Trayvon Martin, You are Black Gold / by Erin Baynham

I'm sitting at Starbucks listening to Esperanza Spalding's new cd, Radio Music Society. As a die hard Esperanza Spalding fan, I've been waiting for this album forever!  I love her single with Algebra Blessett, Black Gold. It's an anthem that tells us that being Black is beautiful! I know the era of "Black Power" and "The Big Pay Back" ended back in the late 70's/early 80's, but this is the perfect new addition to a theme we've believed in forever. By now, I'm sure we all know the story of Trayvon Martin, murdered in cold blood for looking suspicious. This neighborhood watchman that killed him made a bold mistake that has started a frenzy in our communities. This my friends, is another reason why I LOVE social media. I get reminders of Trayvon all day, everyday through my social media streams.

I can't help but hurt for similar reasons. My goal was to move to Baltimore city, where I grew up, and live a life a metropolitan bliss. My lover, however, has vowed never to do this, as he has buried two family members due to violence in the last five years. I can't help but want to hold my brothers, my innocent, sweet brothers, who could have easily been Trayvon. My brothers are 16 and 22, and they throw bugs outside instead of stepping on them in the house. We are all often teased because we "sound too white" or "have too many white friends". We are labeled "punks" because none of us has been in a fight.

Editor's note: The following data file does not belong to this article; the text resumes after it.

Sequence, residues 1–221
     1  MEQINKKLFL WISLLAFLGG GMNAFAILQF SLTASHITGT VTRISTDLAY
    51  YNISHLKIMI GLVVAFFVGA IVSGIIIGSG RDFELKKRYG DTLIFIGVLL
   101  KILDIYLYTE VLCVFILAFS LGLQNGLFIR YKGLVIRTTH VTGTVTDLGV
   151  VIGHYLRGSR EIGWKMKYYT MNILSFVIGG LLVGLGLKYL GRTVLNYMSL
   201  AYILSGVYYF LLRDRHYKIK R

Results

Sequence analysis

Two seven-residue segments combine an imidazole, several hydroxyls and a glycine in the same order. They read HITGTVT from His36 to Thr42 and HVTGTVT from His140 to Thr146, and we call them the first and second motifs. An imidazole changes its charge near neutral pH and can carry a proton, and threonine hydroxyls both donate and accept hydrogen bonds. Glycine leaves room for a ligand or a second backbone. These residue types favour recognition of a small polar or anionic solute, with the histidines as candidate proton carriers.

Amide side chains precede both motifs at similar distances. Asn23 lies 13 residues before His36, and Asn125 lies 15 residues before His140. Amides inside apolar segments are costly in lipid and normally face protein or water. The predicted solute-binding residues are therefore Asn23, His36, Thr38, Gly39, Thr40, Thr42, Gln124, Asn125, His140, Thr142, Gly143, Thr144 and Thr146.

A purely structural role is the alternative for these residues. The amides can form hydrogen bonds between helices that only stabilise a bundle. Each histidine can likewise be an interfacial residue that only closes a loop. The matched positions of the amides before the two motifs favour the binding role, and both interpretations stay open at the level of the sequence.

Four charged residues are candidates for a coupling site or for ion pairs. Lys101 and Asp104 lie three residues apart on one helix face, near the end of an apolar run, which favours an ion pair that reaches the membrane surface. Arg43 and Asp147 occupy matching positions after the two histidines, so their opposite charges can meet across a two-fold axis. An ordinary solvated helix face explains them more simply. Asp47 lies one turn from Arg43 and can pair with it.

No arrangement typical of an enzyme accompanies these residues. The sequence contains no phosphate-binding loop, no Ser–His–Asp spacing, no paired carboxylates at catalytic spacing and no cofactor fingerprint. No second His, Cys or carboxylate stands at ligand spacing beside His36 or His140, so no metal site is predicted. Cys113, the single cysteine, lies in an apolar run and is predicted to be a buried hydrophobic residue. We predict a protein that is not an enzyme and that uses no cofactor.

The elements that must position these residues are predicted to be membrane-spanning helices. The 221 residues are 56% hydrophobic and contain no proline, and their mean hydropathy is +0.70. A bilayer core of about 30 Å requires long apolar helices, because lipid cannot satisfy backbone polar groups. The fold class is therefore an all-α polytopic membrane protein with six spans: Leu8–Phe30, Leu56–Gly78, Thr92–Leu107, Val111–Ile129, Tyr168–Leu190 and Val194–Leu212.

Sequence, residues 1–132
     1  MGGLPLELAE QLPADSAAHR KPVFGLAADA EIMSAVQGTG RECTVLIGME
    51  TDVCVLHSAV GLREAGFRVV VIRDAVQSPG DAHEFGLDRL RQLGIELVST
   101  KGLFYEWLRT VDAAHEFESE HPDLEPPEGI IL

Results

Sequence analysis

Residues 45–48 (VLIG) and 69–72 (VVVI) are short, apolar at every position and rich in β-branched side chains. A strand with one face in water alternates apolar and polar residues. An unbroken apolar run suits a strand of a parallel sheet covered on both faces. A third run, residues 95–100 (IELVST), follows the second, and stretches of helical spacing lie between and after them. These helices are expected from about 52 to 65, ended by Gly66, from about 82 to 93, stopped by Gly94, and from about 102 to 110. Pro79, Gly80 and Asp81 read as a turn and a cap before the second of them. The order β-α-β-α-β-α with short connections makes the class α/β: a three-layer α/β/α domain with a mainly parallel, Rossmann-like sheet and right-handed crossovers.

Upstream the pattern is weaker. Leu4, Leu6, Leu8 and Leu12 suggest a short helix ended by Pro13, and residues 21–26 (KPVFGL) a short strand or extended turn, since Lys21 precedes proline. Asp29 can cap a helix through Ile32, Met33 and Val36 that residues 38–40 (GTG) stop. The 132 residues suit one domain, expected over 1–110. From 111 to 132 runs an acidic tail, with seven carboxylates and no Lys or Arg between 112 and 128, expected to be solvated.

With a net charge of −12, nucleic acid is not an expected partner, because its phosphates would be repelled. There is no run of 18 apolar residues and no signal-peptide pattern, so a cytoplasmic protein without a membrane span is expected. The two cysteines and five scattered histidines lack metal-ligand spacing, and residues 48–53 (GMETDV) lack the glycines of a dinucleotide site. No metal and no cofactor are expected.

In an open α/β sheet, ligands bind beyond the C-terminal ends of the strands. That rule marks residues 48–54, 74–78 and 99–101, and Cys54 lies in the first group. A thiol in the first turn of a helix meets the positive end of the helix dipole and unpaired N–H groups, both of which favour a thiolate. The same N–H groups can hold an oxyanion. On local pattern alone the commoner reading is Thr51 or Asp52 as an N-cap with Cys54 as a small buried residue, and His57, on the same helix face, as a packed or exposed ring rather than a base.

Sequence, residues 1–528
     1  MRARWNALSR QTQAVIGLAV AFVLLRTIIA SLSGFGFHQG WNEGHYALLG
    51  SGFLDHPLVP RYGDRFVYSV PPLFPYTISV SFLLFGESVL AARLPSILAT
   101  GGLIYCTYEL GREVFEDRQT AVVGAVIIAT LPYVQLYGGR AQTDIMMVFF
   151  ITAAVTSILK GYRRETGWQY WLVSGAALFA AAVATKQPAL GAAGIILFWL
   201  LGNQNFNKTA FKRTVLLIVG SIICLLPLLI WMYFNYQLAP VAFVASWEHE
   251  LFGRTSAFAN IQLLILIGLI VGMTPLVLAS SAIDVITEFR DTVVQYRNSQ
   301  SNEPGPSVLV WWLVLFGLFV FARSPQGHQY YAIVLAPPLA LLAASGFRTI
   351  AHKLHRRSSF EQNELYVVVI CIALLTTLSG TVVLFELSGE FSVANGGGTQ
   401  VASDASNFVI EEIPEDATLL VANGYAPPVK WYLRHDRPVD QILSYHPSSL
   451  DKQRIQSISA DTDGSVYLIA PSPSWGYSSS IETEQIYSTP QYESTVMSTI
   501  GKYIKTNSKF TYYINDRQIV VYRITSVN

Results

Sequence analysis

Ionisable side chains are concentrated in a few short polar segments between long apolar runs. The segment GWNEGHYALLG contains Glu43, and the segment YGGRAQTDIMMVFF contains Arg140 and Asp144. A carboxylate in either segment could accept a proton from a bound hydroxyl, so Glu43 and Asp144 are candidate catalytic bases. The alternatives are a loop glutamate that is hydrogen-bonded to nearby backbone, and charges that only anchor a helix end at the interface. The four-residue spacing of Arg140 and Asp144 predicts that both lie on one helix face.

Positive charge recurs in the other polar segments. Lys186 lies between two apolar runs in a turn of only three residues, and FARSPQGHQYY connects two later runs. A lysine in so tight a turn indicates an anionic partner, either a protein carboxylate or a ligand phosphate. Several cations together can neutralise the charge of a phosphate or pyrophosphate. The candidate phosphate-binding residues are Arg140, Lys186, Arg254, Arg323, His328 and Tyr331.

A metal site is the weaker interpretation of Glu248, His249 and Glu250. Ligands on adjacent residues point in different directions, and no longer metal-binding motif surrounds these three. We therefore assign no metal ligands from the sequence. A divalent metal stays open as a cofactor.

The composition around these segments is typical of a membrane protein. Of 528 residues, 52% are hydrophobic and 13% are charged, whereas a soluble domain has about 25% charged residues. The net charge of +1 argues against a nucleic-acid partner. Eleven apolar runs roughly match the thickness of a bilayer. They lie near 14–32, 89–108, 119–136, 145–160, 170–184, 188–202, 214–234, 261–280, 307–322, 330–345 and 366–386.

The only other time that I have been so enraged, so hurt, so saddened, is when we received a call that my brother's plane might be under attack in London. We paced back in forth all day, knowing that these people had to go across the ocean. And when they arrived at the airport, surrounded by tv crews and families that thought they lost their children, all we could do is weep. Nobody on the plane was told why they had such a long delay, until they were in the arms of loved ones. This very day marked the point at which you couldn't bring liquids over 3 oz. onto planes.

Prejudice and racism is real, very real. It doesn't make me laugh (almost ever), it makes me mad. Stereotyping is equally as strong. Remember the trench coat mafia? Yeah, they had us on alert for awhile. 9/11 still makes it hard for Middle Eastern people, and countless others in the world. The neighborhood watchman could have called 911, or he could have stared Trayvon down, but instead, he made a lethal judgement call. We have to do better, world.

Trayvon and brown people of the world, you are Black Gold. I can't say it enough. No matter how suspicious you look, how ugly you feel, how self righteous you are. No matter how light or dark you are, you are Black Gold. I'm so proud to be a Black woman--you have no idea.